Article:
Spatio-temporal distribution of white-tailed deer (Odocoileus virginianus) relative to prescribed burns on rangeland in South Texas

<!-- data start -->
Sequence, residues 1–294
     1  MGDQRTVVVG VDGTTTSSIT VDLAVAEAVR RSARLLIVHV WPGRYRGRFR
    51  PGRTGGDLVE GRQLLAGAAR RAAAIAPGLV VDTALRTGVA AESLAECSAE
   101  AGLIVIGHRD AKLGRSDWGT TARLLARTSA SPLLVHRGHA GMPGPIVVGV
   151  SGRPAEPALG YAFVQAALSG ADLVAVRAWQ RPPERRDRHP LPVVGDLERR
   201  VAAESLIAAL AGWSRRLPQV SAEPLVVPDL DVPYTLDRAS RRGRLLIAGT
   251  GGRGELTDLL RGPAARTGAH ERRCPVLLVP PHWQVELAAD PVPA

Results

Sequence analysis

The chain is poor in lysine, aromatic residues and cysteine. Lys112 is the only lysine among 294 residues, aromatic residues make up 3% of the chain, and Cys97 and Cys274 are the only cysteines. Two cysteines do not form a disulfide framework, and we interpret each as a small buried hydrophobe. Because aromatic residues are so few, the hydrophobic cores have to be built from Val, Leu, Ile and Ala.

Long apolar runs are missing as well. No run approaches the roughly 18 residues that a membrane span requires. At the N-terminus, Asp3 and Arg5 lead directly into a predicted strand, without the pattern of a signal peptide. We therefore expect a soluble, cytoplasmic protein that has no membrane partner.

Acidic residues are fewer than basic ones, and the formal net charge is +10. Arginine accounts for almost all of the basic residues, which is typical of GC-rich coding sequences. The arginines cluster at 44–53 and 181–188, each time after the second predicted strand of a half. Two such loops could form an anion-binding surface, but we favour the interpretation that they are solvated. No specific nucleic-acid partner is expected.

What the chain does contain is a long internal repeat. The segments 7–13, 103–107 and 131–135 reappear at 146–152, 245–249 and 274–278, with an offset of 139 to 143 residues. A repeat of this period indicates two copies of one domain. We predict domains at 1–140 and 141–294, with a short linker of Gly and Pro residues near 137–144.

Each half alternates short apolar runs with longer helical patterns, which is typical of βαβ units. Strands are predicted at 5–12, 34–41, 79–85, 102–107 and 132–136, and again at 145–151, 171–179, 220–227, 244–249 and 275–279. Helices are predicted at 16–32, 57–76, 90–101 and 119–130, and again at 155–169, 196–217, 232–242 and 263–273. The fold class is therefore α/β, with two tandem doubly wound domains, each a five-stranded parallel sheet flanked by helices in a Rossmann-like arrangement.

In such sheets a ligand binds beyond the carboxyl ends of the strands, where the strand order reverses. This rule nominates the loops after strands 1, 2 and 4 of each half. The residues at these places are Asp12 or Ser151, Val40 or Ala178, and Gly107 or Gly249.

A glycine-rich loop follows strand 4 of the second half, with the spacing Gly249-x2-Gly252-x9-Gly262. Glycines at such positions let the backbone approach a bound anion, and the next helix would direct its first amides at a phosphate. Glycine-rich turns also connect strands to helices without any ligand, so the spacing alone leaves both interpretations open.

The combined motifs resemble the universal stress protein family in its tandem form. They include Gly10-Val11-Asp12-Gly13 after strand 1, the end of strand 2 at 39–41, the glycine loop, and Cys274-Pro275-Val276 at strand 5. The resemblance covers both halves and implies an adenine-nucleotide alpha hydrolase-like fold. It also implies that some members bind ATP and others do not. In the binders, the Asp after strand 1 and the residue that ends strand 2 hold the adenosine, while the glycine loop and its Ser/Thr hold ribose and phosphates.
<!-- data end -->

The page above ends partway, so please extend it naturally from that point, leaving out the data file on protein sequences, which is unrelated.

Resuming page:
Overgrazing and fire suppression has left much rangeland in poor condition for various wildlife species. Prescribed fire is one range improvement practice used to restore degraded wildlife habitat. I determined the effect of prescribed fire on whitetailed deer (Odocoileus virginianus) spatial and temporal distribution, in the presence of cattle grazing. Three 40 ha patches, constituting 10% and 6% of the land area in the lesser and greater Yellow Bluff pasture, respectively, were burned in September 2005. To determine habitat use and distribution of deer relative to these burns 3 bucks and 3 does were netted from a helicopter and fitted with Global Positioning System (GPS) telemetry collars (Lotek? GPS_3300S) for a period of 30 days during each season. For estimation of spatial distribution of deer, the collars were programmed to take a position fix every hour to reduce problems associated with spatial autocorrelation. For 12 days within this period the collars recorded animal location every 5 minutes to compare habitat use with 6?9 GPS collars (GPS_3300LR) placed on cattle. This allowed me to examine fine-scale movements of deer relative to cattle. Trials were conducted prior to the burn and in each season for one year after the burn. Areas to be burned were not favored by deer. A month after the burn in Fall 2005 there was an increase in use of the burned areas by deer. Deer preference for burned areas fell in Spring and Summer 2006, but in Fall 2006 females dramatically increased their use of the burns. This is possibly an artifact of small sample size and the random selection of individuals. Interaction between deer and cattle was minimal, as they inhabited different areas. When cattle moved within approximately 50 m of a stationary deer the deer was likely to move away. Vegetation measurements showed no significant change in shrub cover and density and a decline in available herbaceous forage on both treatment and control sites in the second year. The lack of vegetative response because of drought conditions was likely the cause of the lack of response by the deer to the burns.